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How to use a Dog Muzzle

Muzzled dog with head halter

Muzzles – Let’s break down the barriers!

Muzzles for dogs come in a big variety of types and their use covers a really wide range of purposes. It’s not all about dogs biting! And we think it is a real shame that anyone should ever feel judged or embarrassed about muzzling their dog.

In fact, the handler who protects their dog, whether it means using a muzzle or any other means is a responsible dog owner/handler so well done! At some point in life, many dogs may have to wear a muzzle so teaching them to be comfortable in one is actually a fantastic life skill for all dogs to have. Imagine that the first time a dog meets a muzzle is the time he/she is already stressed out at the Vets. Better to be comfy using one before that day?

In Western Australia there are laws specifically related to muzzles for Greyhounds and we advise all owners to check with their councils or the governing bodies and/or Greyhound rescues regarding the requirement for muzzles and the green-collar testing which allows a Greyhound to be muzzle free.

There are also legal requirements for any dog of any breed in Western Australia that has been classified as a Dangerous Dog, to wear a muzzle when outside of its enclosure and the Dog Act 1976 outlines the regulations.

Outside of these situations, muzzles can also be highly valuable tools for so many moments in a dog’s life such as:

Picture this ….

Sometimes a dog has trigger points where it cannot contain its fear and has a bite history. What if instead of just keeping everyone separate, we could let the nervous dog experience life in the company of other calm  dogs, but still prevent the risk of injury from a bite? Yes, there might be growls and definitely nerves, but no bite. Enter, the value of a muzzle. The muzzle in this instance is being used to keep everyone safe whilst the nervous dog learns to be around another even when it triggers. And yes, muzzles can be used in conjunction with a head halter.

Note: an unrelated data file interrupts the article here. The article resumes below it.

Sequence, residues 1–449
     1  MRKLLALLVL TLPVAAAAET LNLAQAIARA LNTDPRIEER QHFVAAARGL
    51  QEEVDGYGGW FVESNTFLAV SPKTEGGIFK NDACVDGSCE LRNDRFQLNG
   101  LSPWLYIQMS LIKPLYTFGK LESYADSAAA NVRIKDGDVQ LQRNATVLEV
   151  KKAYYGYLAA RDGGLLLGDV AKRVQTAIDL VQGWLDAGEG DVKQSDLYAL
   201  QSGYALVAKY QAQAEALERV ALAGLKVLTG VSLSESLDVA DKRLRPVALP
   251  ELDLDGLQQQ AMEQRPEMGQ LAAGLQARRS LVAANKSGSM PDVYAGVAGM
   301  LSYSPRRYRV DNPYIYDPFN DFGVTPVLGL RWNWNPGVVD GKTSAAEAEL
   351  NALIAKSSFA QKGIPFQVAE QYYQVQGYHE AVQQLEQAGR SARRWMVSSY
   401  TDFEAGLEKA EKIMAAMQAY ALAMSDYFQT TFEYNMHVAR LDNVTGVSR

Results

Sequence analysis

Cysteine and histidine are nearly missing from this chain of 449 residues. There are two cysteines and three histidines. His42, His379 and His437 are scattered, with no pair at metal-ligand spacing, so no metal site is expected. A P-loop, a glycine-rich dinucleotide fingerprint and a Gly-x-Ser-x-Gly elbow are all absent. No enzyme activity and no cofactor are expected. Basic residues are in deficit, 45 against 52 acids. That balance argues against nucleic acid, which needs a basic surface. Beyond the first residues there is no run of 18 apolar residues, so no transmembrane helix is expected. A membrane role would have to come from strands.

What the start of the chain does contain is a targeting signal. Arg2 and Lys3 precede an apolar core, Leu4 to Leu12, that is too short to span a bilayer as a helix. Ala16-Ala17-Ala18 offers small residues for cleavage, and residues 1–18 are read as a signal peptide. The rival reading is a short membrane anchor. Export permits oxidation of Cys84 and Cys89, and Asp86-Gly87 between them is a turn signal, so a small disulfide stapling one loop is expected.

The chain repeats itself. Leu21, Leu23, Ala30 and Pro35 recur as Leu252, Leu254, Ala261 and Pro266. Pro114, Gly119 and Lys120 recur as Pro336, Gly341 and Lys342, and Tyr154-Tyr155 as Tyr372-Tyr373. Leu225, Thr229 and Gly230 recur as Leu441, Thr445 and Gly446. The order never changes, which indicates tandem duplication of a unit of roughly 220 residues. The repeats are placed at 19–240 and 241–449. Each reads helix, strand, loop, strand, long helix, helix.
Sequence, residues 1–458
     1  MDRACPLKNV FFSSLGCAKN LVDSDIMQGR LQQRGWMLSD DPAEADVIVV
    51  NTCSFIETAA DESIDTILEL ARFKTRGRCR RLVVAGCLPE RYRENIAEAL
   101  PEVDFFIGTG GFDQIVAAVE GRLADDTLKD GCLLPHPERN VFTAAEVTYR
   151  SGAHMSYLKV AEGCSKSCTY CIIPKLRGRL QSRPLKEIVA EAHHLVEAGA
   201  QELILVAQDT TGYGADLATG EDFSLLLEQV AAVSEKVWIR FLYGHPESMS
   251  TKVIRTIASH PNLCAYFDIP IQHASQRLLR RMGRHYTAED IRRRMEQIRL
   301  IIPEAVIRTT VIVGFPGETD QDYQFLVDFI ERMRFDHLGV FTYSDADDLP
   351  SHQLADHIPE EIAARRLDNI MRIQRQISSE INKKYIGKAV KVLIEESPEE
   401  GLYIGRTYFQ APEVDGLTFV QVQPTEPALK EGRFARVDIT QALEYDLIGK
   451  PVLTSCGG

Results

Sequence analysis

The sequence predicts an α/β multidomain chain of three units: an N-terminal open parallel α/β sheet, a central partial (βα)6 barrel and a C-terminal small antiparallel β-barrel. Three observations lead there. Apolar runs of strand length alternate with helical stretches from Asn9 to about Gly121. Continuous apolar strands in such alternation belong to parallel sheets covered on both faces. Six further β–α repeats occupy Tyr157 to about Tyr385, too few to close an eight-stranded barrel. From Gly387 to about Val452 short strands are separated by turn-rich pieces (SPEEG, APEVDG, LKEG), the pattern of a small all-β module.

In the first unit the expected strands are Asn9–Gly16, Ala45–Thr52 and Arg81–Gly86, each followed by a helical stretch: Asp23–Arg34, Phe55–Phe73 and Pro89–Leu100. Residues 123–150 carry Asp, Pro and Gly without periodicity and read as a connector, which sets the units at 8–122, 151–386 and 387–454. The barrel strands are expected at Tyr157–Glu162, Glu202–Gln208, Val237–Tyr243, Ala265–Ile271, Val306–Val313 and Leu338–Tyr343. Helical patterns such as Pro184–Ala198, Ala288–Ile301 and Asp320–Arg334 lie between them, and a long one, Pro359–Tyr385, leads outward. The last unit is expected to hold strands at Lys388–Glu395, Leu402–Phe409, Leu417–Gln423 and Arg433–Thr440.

Muzzled dog with head halter

Muzzled dog with head halter

Muzzles can help a nervous dog be in the company of other dogs whilst they learn about life in many ways, and prevent injury.  In this photo, the muzzled dog is learning to play with another dog whilst being prevented from exercising a previous behaviour of tipping over threshold and pinning the playmate. By using a muzzle over many play sessions, the energy level is dropping as the dog learns new skills and builds ‘good memory bank deposits’.

Muzzled dog learning to play safely

Learning to play safely

Types of muzzles:

There is a wide variety of muzzles and they suit different needs.

Mesh or Wrap Muzzles:

These muzzles are generally used for very short term wear and may be for a vet or grooming treatment. They ‘hold’ the dog’s snout & mouth closed and whilst the animal can breathe, they generally can’t drink or eat with them on.

Mesh Muzzle

Mesh Muzzle

Baskerville Muzzles:

There are different styles and materials in these products from a wire ‘cage type’ to hardened plastic to soft silicone to plastic ‘basket’ types. These muzzles allow the dogs to pant freely, drink and take treats and are better for times where the dog will be in the muzzle for longer periods.